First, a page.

Farmers, food, forestry and funding – all F words, but which will we run out of first?
As aging farmers, we see few opportunities for younger generations accessing the industry behind us.
Farms for sale are usually purchased by large established farms or external city investors.
Some landlords are resuming leased land to grow large-scale tree plantations which the Scottish Government seem keen to generously support in order to meet their planting targets.
Also, tree production potentially creates the opportunity to gain from the sale of the new carbon credits – a concept which I believe is nothing more than masking the guilty non-eco friendly companies as allegedly being “green”.
My view on this is that not an acre of ploughable land should grow a sapling as this current practice is reducing the area available to produce our top quality food and drink – whether it be berries for the table; barley for malt, wheat for gin, oilseed rape for oil, grass, vegetables or cereals to feed livestock.
Also, let’s nae forget the good old tattie to compliment our mince or fish supper or even to manufacture vodka.
Mouths to feed
Consider the rapidly increasing population with more mouths to feed – this means we need all the ploughable land we can access.
Home-produced food is great for the economy and far more carbon friendly compared with importing products and increasing food miles.
However, I do believe there is suitable farmland available in Scotland for planting trees; we just need to make logical decisions of where exactly this is within our businesses.
Most of us have small corners and areas of less productive land within our farms, which we would be keen enough to plant trees upon. However, the rates payable for these very small areas are simply not adequate, hence why we do not carry out this practice.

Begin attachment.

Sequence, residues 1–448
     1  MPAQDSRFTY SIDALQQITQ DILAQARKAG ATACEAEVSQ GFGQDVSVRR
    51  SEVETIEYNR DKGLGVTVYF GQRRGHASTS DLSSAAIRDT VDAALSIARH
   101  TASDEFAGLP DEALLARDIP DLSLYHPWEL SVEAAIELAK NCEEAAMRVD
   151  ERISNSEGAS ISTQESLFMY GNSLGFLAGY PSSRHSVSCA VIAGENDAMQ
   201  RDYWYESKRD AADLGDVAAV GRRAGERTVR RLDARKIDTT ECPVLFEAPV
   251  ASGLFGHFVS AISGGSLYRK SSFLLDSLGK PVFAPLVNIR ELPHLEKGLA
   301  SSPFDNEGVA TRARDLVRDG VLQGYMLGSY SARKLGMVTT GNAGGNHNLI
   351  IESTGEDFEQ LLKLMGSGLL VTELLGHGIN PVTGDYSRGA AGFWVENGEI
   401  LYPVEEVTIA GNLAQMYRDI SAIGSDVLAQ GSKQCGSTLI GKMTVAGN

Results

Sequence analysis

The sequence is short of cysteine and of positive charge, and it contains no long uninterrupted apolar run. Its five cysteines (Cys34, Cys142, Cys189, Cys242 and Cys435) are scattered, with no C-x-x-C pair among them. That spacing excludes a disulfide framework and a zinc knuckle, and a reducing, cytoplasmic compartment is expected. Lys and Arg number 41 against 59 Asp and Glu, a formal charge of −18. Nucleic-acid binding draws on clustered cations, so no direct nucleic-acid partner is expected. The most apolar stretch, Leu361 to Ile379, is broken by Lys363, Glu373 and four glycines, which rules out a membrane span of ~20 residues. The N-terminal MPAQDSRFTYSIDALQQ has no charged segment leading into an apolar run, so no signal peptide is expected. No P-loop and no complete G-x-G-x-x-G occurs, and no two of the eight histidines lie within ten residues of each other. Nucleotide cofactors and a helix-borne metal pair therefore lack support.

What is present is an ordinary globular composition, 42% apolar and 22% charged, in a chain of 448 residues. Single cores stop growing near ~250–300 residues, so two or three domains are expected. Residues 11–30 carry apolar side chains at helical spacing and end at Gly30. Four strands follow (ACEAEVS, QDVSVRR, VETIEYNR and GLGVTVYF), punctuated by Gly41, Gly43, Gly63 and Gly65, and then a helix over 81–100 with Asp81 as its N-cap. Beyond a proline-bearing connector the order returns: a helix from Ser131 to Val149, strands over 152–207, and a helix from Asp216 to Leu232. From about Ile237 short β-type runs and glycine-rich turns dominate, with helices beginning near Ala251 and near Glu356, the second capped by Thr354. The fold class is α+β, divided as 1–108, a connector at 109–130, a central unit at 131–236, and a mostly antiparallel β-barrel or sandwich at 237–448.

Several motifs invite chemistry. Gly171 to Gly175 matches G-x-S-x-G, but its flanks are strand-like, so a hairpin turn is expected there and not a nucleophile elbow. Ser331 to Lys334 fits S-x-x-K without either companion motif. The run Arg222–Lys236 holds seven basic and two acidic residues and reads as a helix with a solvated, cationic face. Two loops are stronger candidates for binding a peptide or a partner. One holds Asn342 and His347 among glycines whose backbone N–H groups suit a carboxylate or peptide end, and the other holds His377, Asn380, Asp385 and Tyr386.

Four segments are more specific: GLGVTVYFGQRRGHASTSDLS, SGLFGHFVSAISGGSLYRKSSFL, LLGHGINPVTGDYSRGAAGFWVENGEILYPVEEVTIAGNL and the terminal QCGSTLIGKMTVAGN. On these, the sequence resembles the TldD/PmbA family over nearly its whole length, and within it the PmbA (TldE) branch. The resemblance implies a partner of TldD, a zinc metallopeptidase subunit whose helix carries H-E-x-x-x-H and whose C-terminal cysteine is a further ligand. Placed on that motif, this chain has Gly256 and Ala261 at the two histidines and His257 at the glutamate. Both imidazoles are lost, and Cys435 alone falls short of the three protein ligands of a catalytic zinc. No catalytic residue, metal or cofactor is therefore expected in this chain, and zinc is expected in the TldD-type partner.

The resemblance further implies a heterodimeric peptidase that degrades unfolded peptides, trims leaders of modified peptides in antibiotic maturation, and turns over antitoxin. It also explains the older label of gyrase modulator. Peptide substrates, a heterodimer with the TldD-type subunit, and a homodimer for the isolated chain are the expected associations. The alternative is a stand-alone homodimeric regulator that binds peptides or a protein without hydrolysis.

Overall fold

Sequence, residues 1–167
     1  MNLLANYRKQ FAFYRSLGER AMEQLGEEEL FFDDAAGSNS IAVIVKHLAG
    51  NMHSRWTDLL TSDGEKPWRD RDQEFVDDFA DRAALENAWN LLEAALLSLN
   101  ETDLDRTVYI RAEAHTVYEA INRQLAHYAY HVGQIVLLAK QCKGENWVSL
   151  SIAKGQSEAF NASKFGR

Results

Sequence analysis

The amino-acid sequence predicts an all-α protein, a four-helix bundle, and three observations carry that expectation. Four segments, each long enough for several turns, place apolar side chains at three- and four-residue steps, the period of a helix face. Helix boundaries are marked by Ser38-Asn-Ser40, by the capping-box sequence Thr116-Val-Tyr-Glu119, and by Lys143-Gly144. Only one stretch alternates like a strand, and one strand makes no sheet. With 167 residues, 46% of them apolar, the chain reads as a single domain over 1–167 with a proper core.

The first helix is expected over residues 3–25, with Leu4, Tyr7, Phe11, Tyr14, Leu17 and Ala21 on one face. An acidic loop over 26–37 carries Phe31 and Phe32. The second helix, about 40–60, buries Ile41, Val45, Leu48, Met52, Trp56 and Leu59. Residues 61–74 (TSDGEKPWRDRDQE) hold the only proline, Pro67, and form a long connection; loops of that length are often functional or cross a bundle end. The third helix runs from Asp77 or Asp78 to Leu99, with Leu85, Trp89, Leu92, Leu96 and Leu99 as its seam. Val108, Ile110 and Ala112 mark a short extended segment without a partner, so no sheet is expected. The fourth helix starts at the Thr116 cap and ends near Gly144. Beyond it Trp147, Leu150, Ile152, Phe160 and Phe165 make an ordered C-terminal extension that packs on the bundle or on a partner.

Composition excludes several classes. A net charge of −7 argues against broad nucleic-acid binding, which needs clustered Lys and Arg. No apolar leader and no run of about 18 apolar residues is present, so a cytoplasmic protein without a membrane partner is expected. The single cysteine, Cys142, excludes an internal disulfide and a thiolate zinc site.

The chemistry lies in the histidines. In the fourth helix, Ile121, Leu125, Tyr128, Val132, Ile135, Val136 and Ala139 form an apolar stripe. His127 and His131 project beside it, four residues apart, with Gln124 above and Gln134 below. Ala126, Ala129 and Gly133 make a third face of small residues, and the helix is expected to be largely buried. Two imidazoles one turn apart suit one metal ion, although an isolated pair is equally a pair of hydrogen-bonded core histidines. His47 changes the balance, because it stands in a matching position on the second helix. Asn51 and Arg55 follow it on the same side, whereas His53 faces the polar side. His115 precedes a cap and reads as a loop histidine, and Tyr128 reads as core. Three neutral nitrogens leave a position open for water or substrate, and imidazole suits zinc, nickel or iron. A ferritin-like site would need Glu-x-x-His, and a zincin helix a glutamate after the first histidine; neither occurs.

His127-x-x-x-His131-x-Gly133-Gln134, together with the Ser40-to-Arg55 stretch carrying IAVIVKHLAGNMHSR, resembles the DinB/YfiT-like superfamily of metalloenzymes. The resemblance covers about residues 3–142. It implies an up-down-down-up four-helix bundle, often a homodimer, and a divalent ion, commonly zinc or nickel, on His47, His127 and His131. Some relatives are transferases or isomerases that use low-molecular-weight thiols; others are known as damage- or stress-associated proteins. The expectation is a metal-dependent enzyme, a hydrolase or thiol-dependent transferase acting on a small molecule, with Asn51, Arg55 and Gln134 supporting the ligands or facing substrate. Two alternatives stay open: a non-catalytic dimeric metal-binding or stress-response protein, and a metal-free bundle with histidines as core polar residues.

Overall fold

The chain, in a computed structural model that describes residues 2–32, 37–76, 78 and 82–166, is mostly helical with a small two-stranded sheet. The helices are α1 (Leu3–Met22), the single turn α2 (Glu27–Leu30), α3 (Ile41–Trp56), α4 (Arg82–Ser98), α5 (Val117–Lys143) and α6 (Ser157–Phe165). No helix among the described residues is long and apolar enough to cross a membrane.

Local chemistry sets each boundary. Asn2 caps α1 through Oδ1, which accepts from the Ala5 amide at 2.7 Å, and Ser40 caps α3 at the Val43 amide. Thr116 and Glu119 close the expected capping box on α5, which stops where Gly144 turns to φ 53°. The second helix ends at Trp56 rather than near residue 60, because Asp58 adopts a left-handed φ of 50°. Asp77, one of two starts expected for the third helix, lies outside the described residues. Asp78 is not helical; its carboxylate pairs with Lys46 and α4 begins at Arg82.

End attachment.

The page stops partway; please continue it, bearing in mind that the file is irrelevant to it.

It’s about the right tree in the right place, at the right time, as the saying goes.
We must acknowledge that most deciduous trees do not have green foliage upon them for half the year. This means that they are not photosynthesizing and therefore not sequestrating carbon.
Grass is greener for a far longer period of time throughout any one year, so perhaps grass is a far better sequestrator than the tree?
That’s the first three Fs – now for funding.
Yes, we as farmers, crofters and land managers receive funding to produce a variety of high standard products, so that consumers can purchase them at affordable prices.
Perhaps the price of our food is not valued and respected properly. Is it too cheap? It’s certainly cheap enough to afford to waste large volumes, and then cost taxpayers more to dispose of.
But where else does funding go – energy giants are benefitting from the grants also, producing green energy, but how green is our green energy?
Is it green to burn timber pellets that have been sourced, processed, dried and shipped around the world? And now our straw has fallen victim to the burning as well, with the Scottish farmers outbid for it as it is hauled as far south as Lincolnshire to be re-baled and loaded into the burner as well, because it is renewable.
As for the future – who knows? If only we had a crystal ball.
What I do know is that this coming week, on Wednesday June 16 at 7pm, will see the official launch of our NFU Scotland mental health film: ‘Unearthing Farming Lives’, featuring our north-east farmer stars.
Mental health is a huge subject, and one which we must tackle . I hope most of you will participate on Wednesday evening, and if nothing else, pay tribute to those who appear in this production, and bravely speak so openly about their lives and experiences.
You can register to watch it here at https://us02web.zoom.us/webinar/register/WN__MckzyxBSmqmxba1lO-s9g
You do need to register in advance, so please ensure you do that before Wednesday.
- Alan Simpson is NFU Scotland regional chairman for the north-east.